2. Kids feel like they stick out in class.

The last thing most kids want is to look different from their friends. So when kids get pulled out of class for tutoring or called on by the teacher for something they’re afraid they can’t deliver, they may feel embarrassed and singled out. These experiences day after day can damage a child’s self-esteem and make her dread going to school.

What to do:

  • Ask teachers to be sensitive to how kids are feeling. Dr. Phillips says that she sometimes works with schools to help teachers understand how a particular student’s learning disability is impacting him emotionally. When a child is very anxious about reading, for example, she has advised teachers to wait for him to raise his hand and offer to read instead of calling on him blindly. If his teacher needs to assess his oral reading because it’s part of the curriculum, it might be better to do that privately. Students and teachers can also work out a subtle signal the student can use when he needs help or feels himself getting too frustrated.
  • Single kids out for praise, too. Kids who are struggling in school may feel like they are mostly getting negative attention. When teachers make a special effort to give kids positive attention for the things that they are doing right—even little things—it can improve their mood and confidence. Dr. Phillips notes this is also a powerful technique for teachers to use with a child who tends to act out to divert attention.
  • Find the right academic environment. Sometimes kids feel like they stick out because they need more assistance than they are currently getting. Work with the school and your child’s provider to consider what his needs are and if they are being met. He may need more accommodations, a different kind of tutoring, or even a change of school. Dr. Phillips notes that there are some specialized schools that offer remedial support in school as part of an individualized curriculum rather than making it a separate after-school activity. These schools may also be better prepared to support each child’s specific social, emotional, and behavioral needs.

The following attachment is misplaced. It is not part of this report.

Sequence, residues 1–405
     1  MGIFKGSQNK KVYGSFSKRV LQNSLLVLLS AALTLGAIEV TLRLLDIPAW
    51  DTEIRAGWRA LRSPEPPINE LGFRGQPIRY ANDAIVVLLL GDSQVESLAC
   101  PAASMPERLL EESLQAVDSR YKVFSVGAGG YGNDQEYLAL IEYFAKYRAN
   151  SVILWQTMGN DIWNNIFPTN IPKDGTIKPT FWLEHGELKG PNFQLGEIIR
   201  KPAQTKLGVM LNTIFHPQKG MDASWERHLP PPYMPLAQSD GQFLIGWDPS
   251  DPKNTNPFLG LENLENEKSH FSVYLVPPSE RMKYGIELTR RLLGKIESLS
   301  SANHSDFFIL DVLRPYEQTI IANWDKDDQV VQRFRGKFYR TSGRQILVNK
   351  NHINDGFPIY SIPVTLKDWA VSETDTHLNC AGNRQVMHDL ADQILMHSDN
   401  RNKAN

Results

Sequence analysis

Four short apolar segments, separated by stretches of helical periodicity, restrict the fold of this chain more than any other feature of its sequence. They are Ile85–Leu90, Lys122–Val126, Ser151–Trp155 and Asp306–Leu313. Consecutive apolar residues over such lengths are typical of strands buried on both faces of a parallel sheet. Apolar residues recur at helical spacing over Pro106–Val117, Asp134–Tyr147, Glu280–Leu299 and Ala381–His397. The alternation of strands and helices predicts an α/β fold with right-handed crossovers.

3. Kids are worn out.

Unfortunately, learning disabilities in children often means that kids need to work harder than their peers. This might mean spending more time on homework, going to tutoring, and working with an educational therapist. Spending so much time focusing on something that is challenging for them can leave kids feeling frustrated and resentful. It can also lead to waning motivation in school.

What to do:

  • Remember that success breeds success. It is important to set kids up for success—not failure—as much as possible. Teachers, therapists, and parents should consciously set modest, achievable goals that children can work towards meeting. When a child sees proof that she is making progress she will be more motivated to continue putting forth that extra effort.
  • Find their talent. This is possibly the most important thing you can do for a child who has a learning disability. You don’t need to find her “passion,” or the thing she will do for the rest of her life—most kids won’t end up being professional athletes or ballet dancers—but every child has a talent. Find something that your child feels good about doing, and that gives her a sense of mastery and accomplishment, and give her time to practice it. As her talent grows so will her confidence, self-esteem, and overall happiness.

Read More:
Tips for Beating Test Anxiety
Metacognition: How Thinking About Thinking Can Help Kids
What Is an Educational Therapist?